Mark over at Mo’ Boy Blog has the news that rock musician Tal Bachman has publicly announced his request to have his name removed from the membership rolls of the LDS Church (Orson’s Telescope and Our Thoughts also have coverage). I’m not a fan of Bachman’s work so I can’t say that I took this news as hard as Mark did — other than the fact that I’m saddened to hear of anyone lose his or her faith (LDS or otherwise). But I find it interesting that Bachman felt it necessary to explain this change on his Website.
Here’s an excerpt from the announcement (which is part of his bio):
“Well-read, and a thinker by nature, Tal had become increasingly puzzled and disturbed by the mounting evidence suggesting that the founding events of Mormonism had been fabricated.”
The whole bio is an interesting read — Bachman is presented as going through this whole painful process of extricating himself from both his record label and his faith, but emerging stronger and re-dedicated and with (of course) a new album.
The question for me is why Bachman felt the need to include his relationship with Mormonism in the narrative. Part of it may indeed be a sincere desire on his part to share his personal journey with his fans. But I would guess that part of it is also to give his Mormon fans fair warning. To sift the true fans from those who were mainly in to him because of his Mormon celebrity status.
Which raises a set of larger issues for me:
First: Why does an artist’s Mormon-ness matter to members of the Church?
Second: Why is an artist’s official relationship to the Church a matter of speculation and gossip (c.f. Neil LaBute)? Why does it even come up?
Third: Should an artist’s Mormon-ness be a factor when a Mormon decides on artistic products to consume?
I’m going to attempt to address the first two issues today and then follow-up later with my thoughts on the third.
The answer to the first question seems rather obvious. Like others, we want to support members of our clan because we feel in some way that their achievements reflect on our clan as a whole. Mormon artists validate our way of life. We also feel a kinship with them because of our shared values and history. Perhaps more importantly, our artists (and other celebrities) prove that a Mormon can achieve at a high level despite (in the eyes of the world) and because of (in our eyes) their Mormon-ness. In this, we are no different than any other ethnic group.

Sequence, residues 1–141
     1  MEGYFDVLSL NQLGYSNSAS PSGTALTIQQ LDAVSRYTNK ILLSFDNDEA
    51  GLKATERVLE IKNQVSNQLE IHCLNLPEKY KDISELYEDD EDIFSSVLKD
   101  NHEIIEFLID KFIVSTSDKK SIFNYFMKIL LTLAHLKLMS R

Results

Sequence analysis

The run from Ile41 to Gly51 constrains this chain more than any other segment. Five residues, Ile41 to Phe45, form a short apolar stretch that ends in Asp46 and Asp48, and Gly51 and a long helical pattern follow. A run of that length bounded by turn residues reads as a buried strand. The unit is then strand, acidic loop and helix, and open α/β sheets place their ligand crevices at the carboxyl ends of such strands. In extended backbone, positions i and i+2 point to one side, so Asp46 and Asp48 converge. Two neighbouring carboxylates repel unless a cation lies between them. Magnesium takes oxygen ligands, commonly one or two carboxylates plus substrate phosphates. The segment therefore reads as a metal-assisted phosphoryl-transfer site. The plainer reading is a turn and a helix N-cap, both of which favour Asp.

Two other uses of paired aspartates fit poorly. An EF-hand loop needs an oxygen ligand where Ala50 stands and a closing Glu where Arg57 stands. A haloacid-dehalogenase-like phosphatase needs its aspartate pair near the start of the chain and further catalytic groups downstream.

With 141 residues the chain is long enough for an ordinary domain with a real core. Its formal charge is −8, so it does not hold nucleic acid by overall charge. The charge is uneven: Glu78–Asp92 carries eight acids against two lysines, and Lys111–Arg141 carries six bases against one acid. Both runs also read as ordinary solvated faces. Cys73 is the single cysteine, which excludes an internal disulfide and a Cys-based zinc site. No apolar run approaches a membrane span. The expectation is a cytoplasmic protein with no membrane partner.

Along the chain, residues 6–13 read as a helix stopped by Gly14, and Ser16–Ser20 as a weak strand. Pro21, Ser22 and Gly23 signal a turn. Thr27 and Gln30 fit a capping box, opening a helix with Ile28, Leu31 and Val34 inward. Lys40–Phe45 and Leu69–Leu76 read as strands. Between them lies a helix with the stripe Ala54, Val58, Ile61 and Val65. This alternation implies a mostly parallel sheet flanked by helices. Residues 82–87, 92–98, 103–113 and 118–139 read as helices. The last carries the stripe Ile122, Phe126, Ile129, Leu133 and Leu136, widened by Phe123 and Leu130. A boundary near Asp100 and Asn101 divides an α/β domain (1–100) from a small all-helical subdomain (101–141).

And as with other groups, the question of whether or not an artist should/can really be counted as part of the fold is a matter of speculation, discussion and gossip. The difference for Mormons is that there is a rather clear demarcation and one that is based on behavior rather than heritage. One is either a member of the LDS Church in good standing (or trying to be in good standing) or not. Obviously this demarcation doesn’t matter for some (and it must be a source of frustration for “cultural Mormons” who feel connected to some sense of Mormon identity and history, but not to the body of the Church). But the distinction can be made. And I think it goes beyond one’s status as active LDS or not. We also fret about actions and words by our Mormon celebrities that may signal that they are having trouble “living the gospel” (and I include myself in this — while I may be more liberal than many Mormon consumers, I am not immune to these concerns). I think of the worry over Steve Young’s unmarried status, Marie Osmond’s divorce, SHeDAISY’s (or any young, female actress or singer) attire, etc.
It’s very strange. But to be expected. After all, we are constantly warned about the temptations of the world and especially of the American entertainment complex. Of course we’re going to be concerned about those that enter such treacherous waters while at the same time hope for their success.
I’d like to dismiss these issues as the inevitablity of group dynamics, of building group identity. I’d like to be able to cavalierly state that I don’t care if an athlete, politician or (most importantly for me) artist is Mormon or not and what their membership status is. But I can’t. I still cling to the perhaps naive belief that being a believing Mormon has some sort of effect on the art one produces. That it counts for something.
More on that in part II.